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R. Zaslavsky/Basic Versification Terms
Foot: Unit of meter or rhythm (can only be two or three syllables long).
Types of Feet [x = unstressed syllable; / = stressed syllable]:
[Note: keep in mind that syllables are relative to each other and to the context in regard to whether they are stressed or not.]
x / x /
e.g., I am; begin
iamb/iambus [x /],
{adjective: iambic}
{adjective: trochaic}
trip / stumble
xx /
e.g., rearrange
{adjective: anapestic}
/ x x
/ x x
e.g., happiness; metrical
{adjective: dactylic}
run purposefully
/ /
e.g., Monday
{adjective: spondaic}
strong / powerful
{adjective: pyrrhic}
/ x
/ x
e.g., present; golden
trochee [/ x],
anapest [x x /],
[strike back]
dactyl [/ x x],
Less Common
spondee [/ /],
pyrrhic [x x],
amphibrach [x / x],
[both (ends) short]
amphimacer [/ x /],
[both (ends) long]
Lengths of lines:
monometer one foot
two feet
three feet
four feet
pentameter five feet
six feet
heptameter seven feet
eight feet
Groups of Lines:
couplet [rhymes]
x / x
x / x
e.g., department; momentous
/ x
e.g., Jack and Gill
{adjective: amphibrachic}
{adjective: amphimacer}
e.g., Jack and Gill [amphimacer monometer] 1
e.g., Went up the hill [iambic dimeter]
e.g., To fetch a pail of water [trimeter, 2 iambs + 1 amphibrach]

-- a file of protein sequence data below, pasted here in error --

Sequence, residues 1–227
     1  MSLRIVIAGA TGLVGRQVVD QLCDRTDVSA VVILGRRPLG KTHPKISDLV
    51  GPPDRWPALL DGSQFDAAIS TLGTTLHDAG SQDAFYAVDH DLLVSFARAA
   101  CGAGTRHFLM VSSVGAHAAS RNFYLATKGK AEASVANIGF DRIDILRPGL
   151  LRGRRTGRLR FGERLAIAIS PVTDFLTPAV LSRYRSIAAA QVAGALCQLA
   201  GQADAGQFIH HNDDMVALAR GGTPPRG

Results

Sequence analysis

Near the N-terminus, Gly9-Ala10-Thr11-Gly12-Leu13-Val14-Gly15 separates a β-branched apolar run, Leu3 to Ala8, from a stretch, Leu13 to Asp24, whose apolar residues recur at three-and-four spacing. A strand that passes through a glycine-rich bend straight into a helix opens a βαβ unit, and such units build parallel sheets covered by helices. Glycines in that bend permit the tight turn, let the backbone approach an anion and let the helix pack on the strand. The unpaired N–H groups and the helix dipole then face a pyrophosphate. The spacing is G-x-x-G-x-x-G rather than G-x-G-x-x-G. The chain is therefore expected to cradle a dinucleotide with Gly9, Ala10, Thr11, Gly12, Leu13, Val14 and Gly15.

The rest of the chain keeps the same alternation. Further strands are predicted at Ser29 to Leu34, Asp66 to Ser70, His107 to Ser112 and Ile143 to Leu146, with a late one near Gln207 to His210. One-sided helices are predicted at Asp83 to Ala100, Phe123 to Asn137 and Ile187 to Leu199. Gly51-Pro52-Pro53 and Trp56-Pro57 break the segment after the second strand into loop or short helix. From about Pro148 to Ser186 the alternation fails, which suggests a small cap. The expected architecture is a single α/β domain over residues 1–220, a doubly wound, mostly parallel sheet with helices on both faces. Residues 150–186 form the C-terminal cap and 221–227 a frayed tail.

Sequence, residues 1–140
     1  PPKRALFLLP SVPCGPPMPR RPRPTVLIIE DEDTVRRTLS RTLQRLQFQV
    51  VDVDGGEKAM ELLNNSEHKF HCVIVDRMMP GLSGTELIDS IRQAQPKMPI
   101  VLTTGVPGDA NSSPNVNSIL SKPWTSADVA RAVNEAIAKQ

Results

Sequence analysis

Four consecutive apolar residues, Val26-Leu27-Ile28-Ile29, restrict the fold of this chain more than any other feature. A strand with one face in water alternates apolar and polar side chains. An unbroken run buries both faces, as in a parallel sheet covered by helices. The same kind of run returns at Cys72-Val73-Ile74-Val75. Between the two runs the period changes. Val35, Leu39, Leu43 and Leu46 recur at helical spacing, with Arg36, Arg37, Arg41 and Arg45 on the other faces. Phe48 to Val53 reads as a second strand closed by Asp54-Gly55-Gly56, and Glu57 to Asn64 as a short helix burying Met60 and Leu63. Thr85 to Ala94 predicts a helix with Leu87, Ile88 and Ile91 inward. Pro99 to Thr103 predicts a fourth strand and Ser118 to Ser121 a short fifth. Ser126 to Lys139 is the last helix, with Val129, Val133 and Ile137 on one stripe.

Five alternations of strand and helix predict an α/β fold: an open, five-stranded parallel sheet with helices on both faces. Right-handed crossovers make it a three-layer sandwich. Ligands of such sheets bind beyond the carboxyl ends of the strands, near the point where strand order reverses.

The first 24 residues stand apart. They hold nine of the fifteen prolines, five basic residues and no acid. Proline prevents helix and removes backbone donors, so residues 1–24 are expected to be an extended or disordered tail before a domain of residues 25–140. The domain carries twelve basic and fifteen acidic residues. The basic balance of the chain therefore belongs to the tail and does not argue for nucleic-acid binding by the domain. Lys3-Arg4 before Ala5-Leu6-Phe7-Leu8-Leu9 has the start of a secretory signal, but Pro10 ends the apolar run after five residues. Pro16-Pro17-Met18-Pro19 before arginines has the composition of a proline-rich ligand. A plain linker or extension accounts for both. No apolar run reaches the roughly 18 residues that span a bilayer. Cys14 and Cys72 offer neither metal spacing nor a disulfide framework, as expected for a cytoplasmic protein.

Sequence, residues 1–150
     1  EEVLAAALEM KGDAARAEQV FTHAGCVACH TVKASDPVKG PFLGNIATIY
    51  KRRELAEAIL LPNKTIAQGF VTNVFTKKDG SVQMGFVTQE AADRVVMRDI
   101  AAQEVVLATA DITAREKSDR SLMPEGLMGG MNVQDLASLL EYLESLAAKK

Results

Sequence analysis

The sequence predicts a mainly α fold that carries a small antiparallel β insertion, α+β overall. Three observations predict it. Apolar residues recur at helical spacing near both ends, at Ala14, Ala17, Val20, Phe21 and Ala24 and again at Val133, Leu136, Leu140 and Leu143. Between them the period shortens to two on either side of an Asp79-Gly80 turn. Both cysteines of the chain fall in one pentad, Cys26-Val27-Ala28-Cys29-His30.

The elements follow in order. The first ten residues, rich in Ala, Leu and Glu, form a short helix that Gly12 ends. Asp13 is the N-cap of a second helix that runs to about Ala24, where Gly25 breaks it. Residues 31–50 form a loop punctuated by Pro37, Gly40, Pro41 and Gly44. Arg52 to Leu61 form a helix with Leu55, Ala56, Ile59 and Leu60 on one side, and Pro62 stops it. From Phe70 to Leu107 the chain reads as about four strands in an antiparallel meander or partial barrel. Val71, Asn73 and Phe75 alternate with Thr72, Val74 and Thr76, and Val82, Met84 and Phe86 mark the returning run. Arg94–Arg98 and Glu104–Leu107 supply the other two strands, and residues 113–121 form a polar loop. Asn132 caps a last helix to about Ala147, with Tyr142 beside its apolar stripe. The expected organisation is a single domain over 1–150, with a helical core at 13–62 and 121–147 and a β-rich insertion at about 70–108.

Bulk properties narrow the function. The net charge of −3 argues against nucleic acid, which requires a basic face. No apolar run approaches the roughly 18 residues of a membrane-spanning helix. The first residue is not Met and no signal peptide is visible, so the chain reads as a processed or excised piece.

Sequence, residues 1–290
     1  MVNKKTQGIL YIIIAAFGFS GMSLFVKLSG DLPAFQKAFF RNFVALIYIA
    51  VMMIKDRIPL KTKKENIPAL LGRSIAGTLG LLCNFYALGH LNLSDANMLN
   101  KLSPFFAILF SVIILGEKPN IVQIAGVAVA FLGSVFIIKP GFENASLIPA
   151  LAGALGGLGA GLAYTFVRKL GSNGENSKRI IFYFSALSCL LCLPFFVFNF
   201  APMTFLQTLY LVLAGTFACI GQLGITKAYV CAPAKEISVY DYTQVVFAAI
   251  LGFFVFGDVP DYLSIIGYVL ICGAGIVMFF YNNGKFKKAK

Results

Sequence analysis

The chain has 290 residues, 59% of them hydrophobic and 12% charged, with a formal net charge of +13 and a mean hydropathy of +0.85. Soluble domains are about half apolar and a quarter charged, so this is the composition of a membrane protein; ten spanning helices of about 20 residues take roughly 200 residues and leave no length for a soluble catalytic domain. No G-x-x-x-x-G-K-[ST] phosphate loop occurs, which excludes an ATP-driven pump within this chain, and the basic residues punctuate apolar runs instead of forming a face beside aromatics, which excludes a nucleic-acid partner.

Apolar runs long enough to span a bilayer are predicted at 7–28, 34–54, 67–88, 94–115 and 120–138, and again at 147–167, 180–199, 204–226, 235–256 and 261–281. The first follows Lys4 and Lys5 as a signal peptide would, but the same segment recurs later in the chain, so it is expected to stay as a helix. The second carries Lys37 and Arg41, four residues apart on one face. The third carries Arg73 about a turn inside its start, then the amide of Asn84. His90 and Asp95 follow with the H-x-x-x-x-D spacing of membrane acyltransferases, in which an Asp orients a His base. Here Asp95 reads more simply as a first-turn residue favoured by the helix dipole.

e.g., Had we but world enough and time [iambic tetrameter] 2
e.g., It is the grave of Jesus where he lay [iambic pentameter] 3
e.g., For I would we were changed to white birds on the wandering foam: I and you [anapestic hexameter] 4
e.g., The yellow fog that rubs its back upon the window-panes [iambic heptameter]5
e.g., Once upon a midnight dreary, while I pondered, weak and weary [trochaic octameter] 6
two lines
three lines
four lines
five lines
six lines
eight lines
The most common basic poem form is the sonnet, a poem composed of fourteen lines.
Rhyme scheme is the pattern of rhymes in a poem.
Scansion is the process of determining the rhythm (the pattern of stressed and unstressed syllables) of a poem.
Blank verse is unrhymed iambic pentameter.
Internal rhyme is the rhyme of a word within a line of poetry with the word at the end of the line.
Onomatopoeia is the process of making a word whose sound imitates or echoes its meaning, e.g., “buzz,” “boom.”
Alliteration is (strictly) the repetition of the same letter/sound at the beginning of words in a line of poetry or (loosely) the
repetition of the same sound anywhere in a word.
An allusion is an indirect reference to well-known event or story or literary work.
Mother Goose Rhyme.
Andrew Marvell, “To His Coy Mistress.”
Wallace Stevens, “Sunday Morning.”
William Butler Yeats, “The White Birds.”
T. S. Eliot, “The Love Song of J. Alfred Prufrock.”
Edgar Allan Poe, “The Raven.”